What Commercial Real Estate Investors Should Know About Cap Rate

CAP rate or capitalization rate is the ratio of annual rental income of the property over the purchase price. This number is often shown on commercial property listings. So you must know this jargon if you want to invest in commercial real estate. It’s commonly a number between 3% to 10%.

For those who invest in the stock market, cap rate is the equivalence of the inverse of P/E ratio. So a cap rate of 5% is equivalent to P/E ratio of 20. The main difference is in real estate the earning is real while it's accounting earning in the stock market where earning can be reinstated years down the road!

The higher the CAP rate the higher rental income the property produces and thus the less money you need for down payment. Experienced investors often look at the CAP rate to screen out properties with low rental income. Some investors prefer properties with the cap rate that is higher than the interest rate they pay for the loan. That way they know they collect more from the tenants than they pay the bank.

When the property has high vacancy rate, listing brokers often show proforma (or potential) CAP rate instead to catch investors’ attention. Let’s use the following example to illustrate the point. A property is listed for $1M and is 90% leased. It has gross leases with an actual gross income of $90K/year and $30K of annual expense. Assuming the proforma income is $110K/year when it’s 100% leased at higher market rent. So 3 different listing brokers could display 3 different CAP rates for the same property:

• The first broker may use NOI (Net Operating Income) of $60K/year ($90K of gross income less $30K of expenses) and thus the net CAP rate is 6%. This broker calculates the cap the way it should be.

• The second broker may use the gross income of $90K and so the gross CAP rate is 9%.

• The third broker may want to use the proforma income of $110K to get investors’ attention and thus the proforma CAP rate is 11%!

So as an investor, you need to know what CAP rate, e.g. net, gross or proforma the broker uses. Otherwise you may offer too much for the property. At the same time, when you tell your broker to look for properties with a certain CAP rate, make sure the broker knows what CAP rate you have in mind.

The returns of a commercial property investment come from 4 sources: appreciation, cash flow, i.e. cap rate, depreciation (tax writeoffs), and principal reduction from your mortgage payments. If you invest in the “right” property, the biggest chunk of your investment return should come from appreciation. There is often a conflict between cap rate and potential for strong appreciation. Properties that offer potential for strong appreciation, e.g. newer properties or ones in good location tend to have lower cap rate. On the other hand, properties that are in poor condition, or have ground lease are much harder to sell. As a result, seller will try to attract the buyers with a higher cap rate. If you see a property with unusually high cap rate in California, e.g. more than 7%, you should ask yourself “what’s wrong with this property?” Chances are you will find a compelling reason why it is so high.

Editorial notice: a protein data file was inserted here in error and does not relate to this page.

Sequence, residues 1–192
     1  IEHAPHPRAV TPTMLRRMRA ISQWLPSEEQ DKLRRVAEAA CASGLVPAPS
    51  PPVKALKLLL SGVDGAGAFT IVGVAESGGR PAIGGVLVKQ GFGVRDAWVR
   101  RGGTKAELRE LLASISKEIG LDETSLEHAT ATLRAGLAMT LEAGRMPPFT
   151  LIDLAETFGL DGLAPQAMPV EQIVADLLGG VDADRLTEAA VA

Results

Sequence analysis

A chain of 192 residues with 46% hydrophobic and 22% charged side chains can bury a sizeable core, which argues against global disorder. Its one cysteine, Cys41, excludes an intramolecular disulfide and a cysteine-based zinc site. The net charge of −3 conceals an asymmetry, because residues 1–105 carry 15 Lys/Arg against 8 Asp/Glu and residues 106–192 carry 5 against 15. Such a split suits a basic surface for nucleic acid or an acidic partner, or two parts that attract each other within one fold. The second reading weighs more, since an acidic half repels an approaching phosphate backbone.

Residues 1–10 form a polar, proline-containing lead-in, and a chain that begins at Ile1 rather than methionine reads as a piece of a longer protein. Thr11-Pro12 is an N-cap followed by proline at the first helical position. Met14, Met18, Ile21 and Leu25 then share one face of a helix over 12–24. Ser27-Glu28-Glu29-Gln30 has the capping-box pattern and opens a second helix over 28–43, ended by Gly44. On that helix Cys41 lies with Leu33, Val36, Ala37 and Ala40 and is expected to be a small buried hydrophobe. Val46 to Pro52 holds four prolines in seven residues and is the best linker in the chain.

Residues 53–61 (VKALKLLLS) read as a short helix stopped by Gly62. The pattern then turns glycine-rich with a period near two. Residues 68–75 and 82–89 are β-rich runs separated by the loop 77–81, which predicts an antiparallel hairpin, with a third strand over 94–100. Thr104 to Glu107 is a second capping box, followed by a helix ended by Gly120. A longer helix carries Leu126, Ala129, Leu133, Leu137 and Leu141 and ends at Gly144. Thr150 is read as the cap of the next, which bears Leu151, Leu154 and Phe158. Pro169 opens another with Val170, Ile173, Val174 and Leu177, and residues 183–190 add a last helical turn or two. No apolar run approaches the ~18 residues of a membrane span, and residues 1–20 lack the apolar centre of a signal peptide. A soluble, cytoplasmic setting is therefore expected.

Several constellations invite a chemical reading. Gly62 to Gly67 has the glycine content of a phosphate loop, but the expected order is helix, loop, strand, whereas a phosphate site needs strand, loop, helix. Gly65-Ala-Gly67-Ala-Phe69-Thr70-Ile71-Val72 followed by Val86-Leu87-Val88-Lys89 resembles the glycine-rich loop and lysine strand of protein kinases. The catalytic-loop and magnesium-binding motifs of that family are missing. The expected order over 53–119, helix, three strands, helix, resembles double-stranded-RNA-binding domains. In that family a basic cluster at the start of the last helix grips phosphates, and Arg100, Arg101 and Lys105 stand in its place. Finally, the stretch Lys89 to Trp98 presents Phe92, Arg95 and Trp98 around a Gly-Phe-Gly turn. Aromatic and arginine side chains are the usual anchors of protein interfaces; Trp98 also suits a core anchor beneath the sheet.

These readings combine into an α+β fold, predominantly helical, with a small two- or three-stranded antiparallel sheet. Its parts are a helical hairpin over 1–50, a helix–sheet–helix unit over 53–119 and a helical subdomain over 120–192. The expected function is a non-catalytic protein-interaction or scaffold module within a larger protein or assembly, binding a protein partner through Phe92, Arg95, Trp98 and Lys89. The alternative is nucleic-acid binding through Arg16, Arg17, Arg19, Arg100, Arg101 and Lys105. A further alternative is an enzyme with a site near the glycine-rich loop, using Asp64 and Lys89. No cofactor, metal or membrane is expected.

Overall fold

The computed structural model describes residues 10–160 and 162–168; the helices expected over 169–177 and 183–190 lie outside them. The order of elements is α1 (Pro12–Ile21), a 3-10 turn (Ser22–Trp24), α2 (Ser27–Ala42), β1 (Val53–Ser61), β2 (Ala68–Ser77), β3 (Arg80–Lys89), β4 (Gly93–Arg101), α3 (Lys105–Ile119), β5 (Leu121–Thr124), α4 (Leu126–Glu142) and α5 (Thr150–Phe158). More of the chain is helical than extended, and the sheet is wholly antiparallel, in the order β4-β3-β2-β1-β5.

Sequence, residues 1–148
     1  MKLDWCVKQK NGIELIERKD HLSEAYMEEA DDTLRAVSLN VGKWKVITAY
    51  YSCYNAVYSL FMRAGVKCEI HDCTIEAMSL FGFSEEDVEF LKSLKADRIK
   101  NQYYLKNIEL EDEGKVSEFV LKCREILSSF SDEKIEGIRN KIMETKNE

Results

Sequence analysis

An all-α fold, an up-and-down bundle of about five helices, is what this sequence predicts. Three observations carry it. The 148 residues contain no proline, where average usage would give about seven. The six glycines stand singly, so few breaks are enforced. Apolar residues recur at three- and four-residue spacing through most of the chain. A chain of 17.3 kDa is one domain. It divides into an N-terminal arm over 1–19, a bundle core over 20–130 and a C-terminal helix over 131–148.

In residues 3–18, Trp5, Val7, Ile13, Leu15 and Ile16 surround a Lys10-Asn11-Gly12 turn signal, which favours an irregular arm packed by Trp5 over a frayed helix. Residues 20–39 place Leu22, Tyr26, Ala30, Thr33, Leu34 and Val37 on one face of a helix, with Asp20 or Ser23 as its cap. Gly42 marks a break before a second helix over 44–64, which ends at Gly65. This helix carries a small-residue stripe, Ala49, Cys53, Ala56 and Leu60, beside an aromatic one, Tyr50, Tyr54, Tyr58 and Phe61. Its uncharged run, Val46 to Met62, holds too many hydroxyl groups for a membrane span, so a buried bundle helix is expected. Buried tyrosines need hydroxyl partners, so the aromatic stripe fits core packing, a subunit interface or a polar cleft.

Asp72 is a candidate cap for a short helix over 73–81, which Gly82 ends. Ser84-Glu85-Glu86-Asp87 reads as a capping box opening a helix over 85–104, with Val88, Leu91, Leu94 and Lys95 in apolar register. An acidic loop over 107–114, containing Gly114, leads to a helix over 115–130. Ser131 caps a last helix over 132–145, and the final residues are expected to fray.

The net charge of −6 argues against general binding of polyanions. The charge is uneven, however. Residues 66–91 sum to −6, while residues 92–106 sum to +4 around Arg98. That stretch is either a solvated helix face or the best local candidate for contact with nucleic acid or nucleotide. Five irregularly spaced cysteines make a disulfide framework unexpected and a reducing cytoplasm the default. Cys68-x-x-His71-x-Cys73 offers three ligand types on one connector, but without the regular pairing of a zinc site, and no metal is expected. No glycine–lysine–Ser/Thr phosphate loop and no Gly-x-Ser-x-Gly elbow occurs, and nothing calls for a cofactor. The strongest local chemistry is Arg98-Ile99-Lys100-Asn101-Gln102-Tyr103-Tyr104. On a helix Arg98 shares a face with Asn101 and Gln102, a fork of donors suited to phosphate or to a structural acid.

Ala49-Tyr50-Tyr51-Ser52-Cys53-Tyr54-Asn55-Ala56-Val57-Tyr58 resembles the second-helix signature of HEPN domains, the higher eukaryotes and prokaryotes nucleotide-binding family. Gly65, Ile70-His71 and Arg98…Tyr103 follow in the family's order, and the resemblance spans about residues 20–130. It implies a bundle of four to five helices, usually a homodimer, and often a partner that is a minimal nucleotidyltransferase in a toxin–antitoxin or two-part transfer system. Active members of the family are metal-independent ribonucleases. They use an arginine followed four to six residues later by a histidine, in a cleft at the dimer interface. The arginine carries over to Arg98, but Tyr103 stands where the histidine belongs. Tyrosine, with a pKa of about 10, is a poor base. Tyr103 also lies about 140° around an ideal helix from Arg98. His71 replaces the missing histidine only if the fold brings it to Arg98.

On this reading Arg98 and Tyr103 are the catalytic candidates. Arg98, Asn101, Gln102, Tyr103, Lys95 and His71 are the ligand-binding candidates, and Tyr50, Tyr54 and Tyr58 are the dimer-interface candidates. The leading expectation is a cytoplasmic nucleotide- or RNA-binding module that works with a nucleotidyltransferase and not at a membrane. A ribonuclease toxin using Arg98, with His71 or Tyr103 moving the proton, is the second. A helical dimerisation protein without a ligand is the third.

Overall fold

Is the property with highest cap rate the “best” property? The short answer is no. If investment was that simple, you would not need an investment advisor. Cap rate should be one of the various other factors you consider whether you should invest in a property. It should not be the only factor. Besides, you can improve the cap rate by

• Increase the occupancy rate.

• Raise the rent when the current leases expire.

• Negotiate for leases with annual rent increase.

• Bring in tenants willing to pay higher rent.

• Improve the property to attract more upscale tenants.

• Reduce the expenses not reimbursed by the tenants.

By doing so, you can increase the cap rate and consequently the value of your investment.

David V. Tran is the CEO at eFunding, Inc., a commercial real estate brokerage, commercial loan broker, property management, self-directed IRA investment and syndication company in San Jose, CA. His website is http://www.efundingcom.com. He may be contacted at (408) 288-5500. eFunding does business in all 50 states. You are welcome to share this report, unedited and in its entirety, with anyone you like. You may not remove this text. © 2007 eFunding, Inc.

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